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Turning Faulty Misperceptions Into Successful Exit Planning

Submitted by John Brown on Fri, 03/08/2019 - 9:00am
A man with dark hair sitting in a booth looking at a laptop with his head in his hand.

In our prior post, we discussed the two faulty misperceptions business owners have that can cause them to put off or flat-out refuse engaging in successful Exit Planning.

  1. They think they currently have enough resources to leave any time they choose.
  2. They assume that the time between when they start preparing to exit and actually exiting is enough to accumulate the financial resources they need to support them for the duration of their post-business lives.

Today, we’ll see how these assumptions affect owners who think they don’t need Exit Planning help (or at least don’t need it anytime soon). Consider the case of Carl Foley and his advisor, Larry Spelling.

Carl Foley felt he was in the catbird seat: He had started his company, Foley Steel, over 25 years ago, and it was as successful as he’d imagined it would be. Now that he felt ready to exit, he was confident he could sell and maintain his current level of income post-exit. While he was ready to go on with life without Foley Steel, Carl hadn’t given much thought to whether Foley Steel was ready to move on without him.

During a routine meeting with Larry Spelling, one of Foley Steel’s advisors, Carl mentioned that he was ready to sell. He asked Larry to refer him to a deal attorney and investment banker.

Fortunately for Carl, Larry was familiar with Exit Planning. He knew the importance of basing all planning on accurate assessments of the owner’s goals and the resources available to accomplish those goals. Instead of recommending a couple of M&A advisors, Larry first asked Carl whether he’d like to do some Exit Planning.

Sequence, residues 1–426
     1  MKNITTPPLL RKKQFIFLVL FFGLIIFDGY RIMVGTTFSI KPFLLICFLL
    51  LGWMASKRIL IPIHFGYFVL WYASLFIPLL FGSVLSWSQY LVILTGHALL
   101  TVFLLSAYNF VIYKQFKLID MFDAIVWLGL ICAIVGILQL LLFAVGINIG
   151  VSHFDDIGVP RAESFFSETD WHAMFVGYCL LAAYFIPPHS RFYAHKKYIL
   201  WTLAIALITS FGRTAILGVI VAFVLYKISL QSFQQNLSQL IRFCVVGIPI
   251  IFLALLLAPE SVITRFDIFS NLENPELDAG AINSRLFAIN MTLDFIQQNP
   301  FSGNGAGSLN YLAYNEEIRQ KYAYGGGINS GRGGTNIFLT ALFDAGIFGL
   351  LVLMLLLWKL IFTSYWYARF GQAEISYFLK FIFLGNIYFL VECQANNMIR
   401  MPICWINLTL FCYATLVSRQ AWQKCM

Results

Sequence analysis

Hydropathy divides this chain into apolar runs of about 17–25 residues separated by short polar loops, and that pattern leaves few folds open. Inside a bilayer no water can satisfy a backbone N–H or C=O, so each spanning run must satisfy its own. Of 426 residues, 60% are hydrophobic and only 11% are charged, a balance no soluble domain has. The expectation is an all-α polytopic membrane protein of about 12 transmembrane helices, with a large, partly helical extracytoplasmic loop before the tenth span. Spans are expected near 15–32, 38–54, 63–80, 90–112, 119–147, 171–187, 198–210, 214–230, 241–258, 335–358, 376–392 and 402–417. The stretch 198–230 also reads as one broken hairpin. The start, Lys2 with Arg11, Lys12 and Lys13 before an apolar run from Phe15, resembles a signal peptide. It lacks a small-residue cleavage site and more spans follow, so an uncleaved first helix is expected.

“Not necessary,” replied Carl. “Between my business and my investment portfolio, I’ve got everything I need to live the way I want to live.”

“That’s great,” Larry replied. “Most of my clients aren’t so lucky: What they have just won’t support the lives they want to live after they leave their companies. But tell me, what are your goals for your exit?”

“They’re pretty basic,” said Larry. “I want to exit soon and be cashed out when I leave. Then, I want to continue to live on the same $300,000 per year that I live on now.”

“That makes sense,” observed Larry. “But tell me about the business. How much do you think it will sell for?” Carl really warmed up to this topic and explained, “I think I can sell Foley Steel for $3 million. After taxes, that nets me $2.5 million.”

“Got it,” nodded Larry. “But tell me how you came up with $3 million.”

“Well, Foley Steel’s EBITDA and revenue have held steady at $500,000 for the last four years. I’ve heard that companies like mine sell for about six times EBITDA,” explained Carl.

“And your non-business assets?” asked Larry.

“I’ve got a portfolio, including real estate, of about $1.5 million,” Carl answered. “So, with my business proceeds at $2.5 million and portfolio at $1.5, I’m at $4 million.”

“That’s a nice nest egg,” agreed Larry. “Have you thought about the rate at which you’ll withdraw from it?” Larry asked.

“I have,” said Carl. “I think 6–7%, or $250,000 to $275,000 a year, should be safe. Add my social security to that and my wife and I continue to live on our $300,000 per year.”

Larry nodded silently.

“You see Larry,” Carl concluded, “I don’t need to do any planning. I’ve got everything I need to exit right now.”